Eugene Fitzgerald is the Merton C. Flemings-SMA Professor of Materials Engineering at the Massachusetts Institute of Technology and Visiting Professor of Management and Visiting Engineering Professor at Cornell University. He is an SMA Fellow in the Singapore-MIT Alliance and is the founding director of the Business of Science and Technology Initiative at Cornell and the Kauffman Innovation Interface. He has substantial private sector business experience specializing in the commercialization of core technologies. He is the founder, co-founder, or founding team member in several start-up companies including AmberWave Systems Corporation, Contour Semiconductor, Paradigm Research, LLC, 4Power LLC, and The Water Initiative. He has 50+ issued US patents and has authored and co-authored more than 200 technical papers. He received a BS degree in Materials Science and Engineering in 1985 from MIT, and a PhD in from Cornell University in 1989.
Fitzgerald spent seven years at AT&T Bell Labs, where he worked on semiconductor materials and devices, and with colleagues demonstrated the first high-mobility strained-Si transistor in 1990. During those years he developed his interests in the innovation process and entrepreneurship. He is the author of Inside Real Innovation: How the Right Approach Can Move Ideas from R&D to Market -- And Get the Economy Moving (World Scientific) with coauthors Andreas Wankerl and Carl Schramm. He received the 2011 Andrew S. Grove Award from the IEEE Electron Devices Society, in recognition of outstanding contributions to solid-state devices and technology.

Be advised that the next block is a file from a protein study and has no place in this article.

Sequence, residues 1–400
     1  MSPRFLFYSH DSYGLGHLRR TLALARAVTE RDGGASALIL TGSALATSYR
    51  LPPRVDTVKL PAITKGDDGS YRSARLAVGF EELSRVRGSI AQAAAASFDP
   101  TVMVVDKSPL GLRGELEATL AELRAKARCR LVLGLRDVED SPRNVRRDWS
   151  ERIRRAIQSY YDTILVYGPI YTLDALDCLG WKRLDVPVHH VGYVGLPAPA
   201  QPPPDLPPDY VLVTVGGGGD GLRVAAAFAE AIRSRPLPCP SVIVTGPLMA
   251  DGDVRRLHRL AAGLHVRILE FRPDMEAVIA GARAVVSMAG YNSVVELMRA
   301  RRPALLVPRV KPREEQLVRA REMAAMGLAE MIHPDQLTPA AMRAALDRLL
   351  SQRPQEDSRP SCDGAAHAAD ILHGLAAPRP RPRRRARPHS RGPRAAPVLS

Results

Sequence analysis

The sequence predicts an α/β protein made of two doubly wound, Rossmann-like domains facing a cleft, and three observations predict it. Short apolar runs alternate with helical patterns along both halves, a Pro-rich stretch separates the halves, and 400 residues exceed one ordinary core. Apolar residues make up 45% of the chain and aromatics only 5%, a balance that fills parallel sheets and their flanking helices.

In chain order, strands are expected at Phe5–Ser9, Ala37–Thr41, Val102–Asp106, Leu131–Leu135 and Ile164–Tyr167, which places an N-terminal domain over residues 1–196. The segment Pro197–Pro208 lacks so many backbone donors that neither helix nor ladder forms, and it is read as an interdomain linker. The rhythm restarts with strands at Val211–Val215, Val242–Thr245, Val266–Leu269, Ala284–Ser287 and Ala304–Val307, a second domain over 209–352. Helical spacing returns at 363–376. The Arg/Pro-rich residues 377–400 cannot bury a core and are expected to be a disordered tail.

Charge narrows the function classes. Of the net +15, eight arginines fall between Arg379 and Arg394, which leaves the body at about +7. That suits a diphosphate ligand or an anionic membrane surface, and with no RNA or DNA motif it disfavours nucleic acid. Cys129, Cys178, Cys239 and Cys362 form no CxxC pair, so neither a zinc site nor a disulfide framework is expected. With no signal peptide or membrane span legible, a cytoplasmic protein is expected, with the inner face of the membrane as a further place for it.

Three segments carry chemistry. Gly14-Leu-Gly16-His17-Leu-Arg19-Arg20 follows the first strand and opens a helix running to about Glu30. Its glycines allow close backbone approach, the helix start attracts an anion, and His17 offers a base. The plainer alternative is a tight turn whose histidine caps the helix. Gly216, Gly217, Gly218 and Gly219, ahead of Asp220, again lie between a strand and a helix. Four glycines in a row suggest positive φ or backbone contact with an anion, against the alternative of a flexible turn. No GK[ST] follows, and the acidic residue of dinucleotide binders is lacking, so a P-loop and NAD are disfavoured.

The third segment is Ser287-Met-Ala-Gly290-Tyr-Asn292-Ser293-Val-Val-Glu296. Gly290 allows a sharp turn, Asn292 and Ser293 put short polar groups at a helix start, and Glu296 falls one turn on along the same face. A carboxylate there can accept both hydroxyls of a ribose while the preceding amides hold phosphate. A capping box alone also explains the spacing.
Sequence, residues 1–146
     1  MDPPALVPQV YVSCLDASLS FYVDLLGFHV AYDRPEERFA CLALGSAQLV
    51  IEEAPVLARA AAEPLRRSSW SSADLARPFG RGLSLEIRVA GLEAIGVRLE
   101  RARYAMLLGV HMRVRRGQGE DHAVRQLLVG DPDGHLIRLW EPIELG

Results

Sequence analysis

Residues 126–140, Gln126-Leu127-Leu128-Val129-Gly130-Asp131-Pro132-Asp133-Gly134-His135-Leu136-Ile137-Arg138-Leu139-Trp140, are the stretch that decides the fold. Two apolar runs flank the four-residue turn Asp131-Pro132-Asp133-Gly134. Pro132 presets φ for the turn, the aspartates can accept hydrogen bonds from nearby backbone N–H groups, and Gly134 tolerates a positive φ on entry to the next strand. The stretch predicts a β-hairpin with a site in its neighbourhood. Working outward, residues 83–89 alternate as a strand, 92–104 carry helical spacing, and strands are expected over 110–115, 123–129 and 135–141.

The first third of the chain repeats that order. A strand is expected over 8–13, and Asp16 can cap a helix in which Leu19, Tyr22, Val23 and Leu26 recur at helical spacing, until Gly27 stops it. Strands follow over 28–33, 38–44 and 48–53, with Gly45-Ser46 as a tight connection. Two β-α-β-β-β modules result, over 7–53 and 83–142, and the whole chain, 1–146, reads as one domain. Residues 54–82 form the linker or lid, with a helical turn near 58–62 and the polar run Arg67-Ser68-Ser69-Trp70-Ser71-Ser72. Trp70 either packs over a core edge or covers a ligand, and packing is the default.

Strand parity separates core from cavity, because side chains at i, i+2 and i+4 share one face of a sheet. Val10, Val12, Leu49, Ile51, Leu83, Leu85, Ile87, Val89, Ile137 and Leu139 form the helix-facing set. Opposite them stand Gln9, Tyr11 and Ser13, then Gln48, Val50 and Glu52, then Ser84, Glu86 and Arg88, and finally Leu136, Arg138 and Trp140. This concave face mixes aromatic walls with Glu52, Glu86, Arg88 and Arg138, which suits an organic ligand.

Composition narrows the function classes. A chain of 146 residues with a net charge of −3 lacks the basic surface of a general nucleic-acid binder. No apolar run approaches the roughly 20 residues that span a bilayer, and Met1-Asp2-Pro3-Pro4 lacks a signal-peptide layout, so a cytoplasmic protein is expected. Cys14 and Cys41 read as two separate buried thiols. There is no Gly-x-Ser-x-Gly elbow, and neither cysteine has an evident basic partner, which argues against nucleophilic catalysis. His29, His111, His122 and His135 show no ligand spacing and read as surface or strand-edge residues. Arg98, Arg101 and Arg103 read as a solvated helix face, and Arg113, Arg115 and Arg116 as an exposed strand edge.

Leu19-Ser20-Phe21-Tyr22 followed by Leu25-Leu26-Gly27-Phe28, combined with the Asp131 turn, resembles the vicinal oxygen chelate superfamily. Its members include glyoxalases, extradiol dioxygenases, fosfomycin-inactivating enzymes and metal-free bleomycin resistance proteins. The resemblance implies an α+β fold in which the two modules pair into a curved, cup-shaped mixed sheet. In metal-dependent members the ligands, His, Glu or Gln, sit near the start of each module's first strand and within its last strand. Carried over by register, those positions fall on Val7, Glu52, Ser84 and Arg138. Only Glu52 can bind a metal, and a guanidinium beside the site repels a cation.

At MIT, his group's research activities attack the current limitations of electronic materials, especially limitations created by imperfections in materials such as point, line, and planar defects. Much of the group's efforts are focused on lattice-mismatched semiconductor systems, in which layers in electronic materials and devices have different lattice parameters. Such material combinations have potential in printing, storage, display, communications, and interconnect applications. But the utility of these materials depends on our ability to understand and eliminate crystalline defects which can be generated due to the lattice-mismatch between semiconductor layers. Fitzgerald has a strong interest in the process of commercializing fundamental technology advances; he currently has 28 issued U.S. patents and several others pending. In 1998, he founded AmberWave LLC, which became Amberwave Systems Corporation in 1999. He has previously held positions as director, chairman of the board, and chairman emeritus at AmberWave.
He was interviewed by SPIE Newsroom in his office at MIT in May 2011.